Business Risk Services

CPRA Model - moving to a more consumer-focused culture

Sheila Duignan Sheila Duignan

Introduction

It’s an unfortunate truth that risks to consumers are complex and multi-faceting and stem from a variety of sources which potentially include an entity’s ‘strategy, business model, culture, governance and other internal structures, its systems and processes and the behaviours of individuals at any level within the firm’. The Central Bank of Ireland (‘CBI’) has made its position clear through its Consumer Outlook Reports of 2016 and 2017, calling out that it expects firms to develop consumer risk frameworks that go above and beyond minimum compliance with relevant legislation or codes of conduct, by focusing on consumer interests and positive consumer outcomes. Against this background the CBI has recently published its Consumer Protection Risk Assessment (CPRA) Model (‘the Model’). The Model establishes a new and more intrusive approach for supervisory assessments of regulated firms in relation to conduct and consumer protection risk management.

Overview

The CBI set out its expectation in its 2016 and 2017 Consumer Protection Outlook Reports that regulated entities should develop consumer protection risk management frameworks, which reflect the nature, scale and complexity of their business. The CBI also highlighted its supervisory expectation that firms should implement the right internal support structures and embed a culture that generates fair outcomes for consumers. The CBI’s recently launched Model was designed to take this approach a step further, providing the CBI with further enhancements to its supervisory framework, enabling it to comprehensively assess firms in relation to how they manage their consumer risk.

The new CPRA Model will be deployed throughout 2017 in a series of targeted assessments. These assessments will particularly focus on culture, performance management, sales incentives and product governance. The CPRAs will be in addition to and support the CBI’s regular programme of consumer-focused thematic inspections, which examine compliance with regulatory requirements. They will also continue to engage with the boards and senior management of regulated firms to ensure a top-down approach to embedding and measuring the regulated entity’s cultural change initiatives.

Firm-specific CPRAs will form a key part of the CBI’s supervisory framework for non-bank lenders, insurance undertakings, investment firms, large retail intermediaries, payment institutions and e-money institutions.

What CPRA means for your organisation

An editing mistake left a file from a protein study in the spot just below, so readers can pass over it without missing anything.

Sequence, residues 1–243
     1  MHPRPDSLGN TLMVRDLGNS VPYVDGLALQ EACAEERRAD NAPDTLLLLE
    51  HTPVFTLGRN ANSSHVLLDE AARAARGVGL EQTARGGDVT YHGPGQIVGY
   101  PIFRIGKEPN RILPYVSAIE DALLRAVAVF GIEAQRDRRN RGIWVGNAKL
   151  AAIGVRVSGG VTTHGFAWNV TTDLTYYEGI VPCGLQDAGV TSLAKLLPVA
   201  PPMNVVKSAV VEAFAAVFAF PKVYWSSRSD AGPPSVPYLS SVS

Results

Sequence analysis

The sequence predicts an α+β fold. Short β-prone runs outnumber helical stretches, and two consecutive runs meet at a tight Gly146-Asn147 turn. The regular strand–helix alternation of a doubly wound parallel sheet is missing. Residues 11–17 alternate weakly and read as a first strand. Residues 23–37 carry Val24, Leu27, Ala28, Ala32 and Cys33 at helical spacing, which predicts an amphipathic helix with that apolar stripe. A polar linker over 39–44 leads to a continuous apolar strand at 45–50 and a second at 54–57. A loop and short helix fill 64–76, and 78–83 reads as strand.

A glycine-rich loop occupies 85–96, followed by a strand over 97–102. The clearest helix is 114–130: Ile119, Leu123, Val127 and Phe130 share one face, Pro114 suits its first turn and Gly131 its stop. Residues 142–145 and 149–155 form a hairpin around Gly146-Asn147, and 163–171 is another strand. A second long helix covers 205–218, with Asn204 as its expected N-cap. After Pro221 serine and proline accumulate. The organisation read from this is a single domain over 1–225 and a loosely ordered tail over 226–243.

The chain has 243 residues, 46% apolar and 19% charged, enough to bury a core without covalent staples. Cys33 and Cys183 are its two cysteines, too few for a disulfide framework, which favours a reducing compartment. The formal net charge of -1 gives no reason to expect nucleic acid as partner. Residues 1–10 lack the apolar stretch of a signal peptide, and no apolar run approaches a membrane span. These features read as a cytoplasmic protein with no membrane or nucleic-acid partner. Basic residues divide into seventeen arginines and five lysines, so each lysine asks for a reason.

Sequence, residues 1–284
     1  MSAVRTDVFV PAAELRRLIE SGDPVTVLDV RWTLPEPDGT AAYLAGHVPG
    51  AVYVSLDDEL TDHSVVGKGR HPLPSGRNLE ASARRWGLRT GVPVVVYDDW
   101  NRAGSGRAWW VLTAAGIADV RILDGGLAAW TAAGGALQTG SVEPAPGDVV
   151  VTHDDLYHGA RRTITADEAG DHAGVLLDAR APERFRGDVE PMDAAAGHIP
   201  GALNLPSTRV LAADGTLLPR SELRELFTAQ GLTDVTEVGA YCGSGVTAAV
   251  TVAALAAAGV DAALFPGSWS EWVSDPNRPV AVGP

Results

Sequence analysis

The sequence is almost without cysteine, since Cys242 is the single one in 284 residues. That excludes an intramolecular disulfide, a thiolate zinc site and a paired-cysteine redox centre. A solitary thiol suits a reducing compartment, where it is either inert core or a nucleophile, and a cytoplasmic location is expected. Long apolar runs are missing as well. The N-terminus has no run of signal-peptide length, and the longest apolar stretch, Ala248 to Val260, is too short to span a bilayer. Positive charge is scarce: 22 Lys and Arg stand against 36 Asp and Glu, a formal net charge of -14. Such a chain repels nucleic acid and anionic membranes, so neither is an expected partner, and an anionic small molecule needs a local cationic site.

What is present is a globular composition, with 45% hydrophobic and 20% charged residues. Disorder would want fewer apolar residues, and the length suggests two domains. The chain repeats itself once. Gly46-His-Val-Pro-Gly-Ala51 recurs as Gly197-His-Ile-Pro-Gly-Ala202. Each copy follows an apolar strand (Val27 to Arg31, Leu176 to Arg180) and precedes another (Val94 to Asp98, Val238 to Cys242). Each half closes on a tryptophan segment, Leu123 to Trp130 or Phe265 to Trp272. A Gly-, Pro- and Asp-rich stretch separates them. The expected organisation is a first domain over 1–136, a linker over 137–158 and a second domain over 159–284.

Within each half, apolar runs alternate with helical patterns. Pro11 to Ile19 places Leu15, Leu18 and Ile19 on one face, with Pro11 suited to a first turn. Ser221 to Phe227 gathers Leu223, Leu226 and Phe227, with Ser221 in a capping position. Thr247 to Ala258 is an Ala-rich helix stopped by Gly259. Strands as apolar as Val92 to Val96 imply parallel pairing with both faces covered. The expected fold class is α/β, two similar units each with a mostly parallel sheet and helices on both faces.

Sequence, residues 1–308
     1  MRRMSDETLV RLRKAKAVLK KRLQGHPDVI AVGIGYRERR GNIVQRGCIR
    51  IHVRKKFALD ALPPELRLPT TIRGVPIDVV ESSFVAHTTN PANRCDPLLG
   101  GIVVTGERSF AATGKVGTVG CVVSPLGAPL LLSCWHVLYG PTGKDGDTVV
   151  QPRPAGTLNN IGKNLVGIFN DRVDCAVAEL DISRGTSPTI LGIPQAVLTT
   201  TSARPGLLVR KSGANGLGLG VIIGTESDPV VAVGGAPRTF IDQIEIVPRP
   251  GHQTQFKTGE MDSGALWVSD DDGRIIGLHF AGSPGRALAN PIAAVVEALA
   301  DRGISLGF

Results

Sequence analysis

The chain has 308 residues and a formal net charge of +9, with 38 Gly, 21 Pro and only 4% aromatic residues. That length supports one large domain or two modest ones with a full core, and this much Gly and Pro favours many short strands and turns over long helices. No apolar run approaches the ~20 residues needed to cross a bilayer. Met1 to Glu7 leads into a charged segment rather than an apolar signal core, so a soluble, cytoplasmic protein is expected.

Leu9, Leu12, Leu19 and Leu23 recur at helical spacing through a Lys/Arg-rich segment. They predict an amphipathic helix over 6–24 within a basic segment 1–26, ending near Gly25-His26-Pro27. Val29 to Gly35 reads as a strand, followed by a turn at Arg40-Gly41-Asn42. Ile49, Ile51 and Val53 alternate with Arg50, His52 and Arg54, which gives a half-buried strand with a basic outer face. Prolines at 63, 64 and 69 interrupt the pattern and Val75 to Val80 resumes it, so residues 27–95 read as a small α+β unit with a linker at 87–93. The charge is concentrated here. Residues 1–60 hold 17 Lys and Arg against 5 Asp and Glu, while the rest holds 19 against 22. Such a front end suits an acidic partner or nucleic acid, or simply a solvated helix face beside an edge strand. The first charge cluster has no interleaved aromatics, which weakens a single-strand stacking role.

The CBI expects boards and senior management in regulated financial services firms to fully recognise their responsibilities in relation to the governance and management of Consumer Protection Risks and to place these responsibilities among their top priorities. All regulated firms must implement Consumer Protection Risk management frameworks that are proportionate to the nature, scale and complexity of the firm and the risks they are designed to manage. The CBI will assess the design and effectiveness of firms’ Consumer Protection Risk management frameworks through targeted CPRAs.

How the Central Bank will engage with your organisation

  • Each selected firm will receive a formal communication from the CBI in the first instance, notifying it of the planned CPRA and informing the firm of the timing and intended duration of the on-site assessment, the documentation request and other required information, as appropriate.
  • Prior to commencing the on-site assessment, notice will be given in relation to proposed observation by supervisors at board and/or committee meetings; proposed interviewees and timeline for interviews and relevant contact personnel in the firm, who should be available during the on-site assessment. It is possible that as a CPRA progresses, supervisors may wish to observe further meetings and/or interview further personnel.
  • On-site assessments will typically range from two days to one week in duration but may extend beyond this in some cases depending on the size of the firm and the breadth of the CPRA scope. At the end of the on-site assessment, the supervisors will meet with relevant personnel to discuss any outstanding issues that require clarification.
  • Formal feedback will be issued to the firm after the supervisors’ findings and recommendations have been considered and signed off within the CBI. Firms will be provided with the final risk ratings. Where risks are identified which are deemed unacceptable, the CBI will typically impose a risk mitigation programme on the firm, explaining the nature of the risk identified and requiring it to perform outcome-focused action(s) to mitigate the risk within a prescribed timeframe.